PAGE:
INJURIES inflicted by venomous animals are common in many areas of the United States. At least 1,500 persons a year are bitten by venomous reptiles. Venomous fishes, coelenterates, and certain other marine forms are responsible for about 1,800 injuries annually. The number of poisonings by venomous arthropods is not known, but the frequency of reported bee stings in several selected areas studied by questionnaire would indicate that at least 100,000 persons a year are stung by some form of arthropod. Bites by venomous mammals are extremely rare.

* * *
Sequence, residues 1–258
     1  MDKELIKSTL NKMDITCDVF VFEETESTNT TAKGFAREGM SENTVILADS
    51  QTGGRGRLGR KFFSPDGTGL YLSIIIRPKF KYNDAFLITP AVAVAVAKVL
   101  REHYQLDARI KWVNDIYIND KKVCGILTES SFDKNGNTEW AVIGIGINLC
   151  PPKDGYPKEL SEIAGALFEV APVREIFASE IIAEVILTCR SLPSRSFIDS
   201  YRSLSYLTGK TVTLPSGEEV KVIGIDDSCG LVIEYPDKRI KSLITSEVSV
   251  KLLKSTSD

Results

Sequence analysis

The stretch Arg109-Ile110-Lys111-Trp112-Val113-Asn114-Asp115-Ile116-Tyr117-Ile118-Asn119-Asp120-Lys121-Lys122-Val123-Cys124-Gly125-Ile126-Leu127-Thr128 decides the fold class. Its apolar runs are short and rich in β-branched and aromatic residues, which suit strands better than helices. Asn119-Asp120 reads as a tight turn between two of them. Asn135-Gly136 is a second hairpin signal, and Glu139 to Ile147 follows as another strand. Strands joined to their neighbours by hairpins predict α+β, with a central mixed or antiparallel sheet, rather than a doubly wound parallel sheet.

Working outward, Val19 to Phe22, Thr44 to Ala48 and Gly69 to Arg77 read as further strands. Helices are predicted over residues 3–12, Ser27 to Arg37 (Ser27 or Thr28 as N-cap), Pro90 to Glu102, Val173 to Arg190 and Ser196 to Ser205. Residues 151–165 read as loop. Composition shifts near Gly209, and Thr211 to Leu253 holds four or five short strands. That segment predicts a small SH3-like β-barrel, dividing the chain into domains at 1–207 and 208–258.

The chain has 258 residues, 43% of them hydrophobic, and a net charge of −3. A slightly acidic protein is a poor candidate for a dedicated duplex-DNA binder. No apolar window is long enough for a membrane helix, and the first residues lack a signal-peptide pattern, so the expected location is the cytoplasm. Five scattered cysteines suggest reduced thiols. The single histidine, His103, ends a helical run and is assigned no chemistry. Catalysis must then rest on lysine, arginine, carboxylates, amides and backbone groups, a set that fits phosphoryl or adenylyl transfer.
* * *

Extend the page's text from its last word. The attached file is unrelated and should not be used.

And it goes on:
Between 1950 and 1954, 215 deaths from venomous animal stings or bites were reported in the United States.1 Seventy-one deaths were attributed to venomous reptiles, 86 to venomous Hymenoptera, and 39 to venomous spiders. The remaining fatalities were inflicted by scorpions, a stingray,2 a coelenterate, and unidentified animals. In relation to population, the death rates were highest in Arizona, Georgia,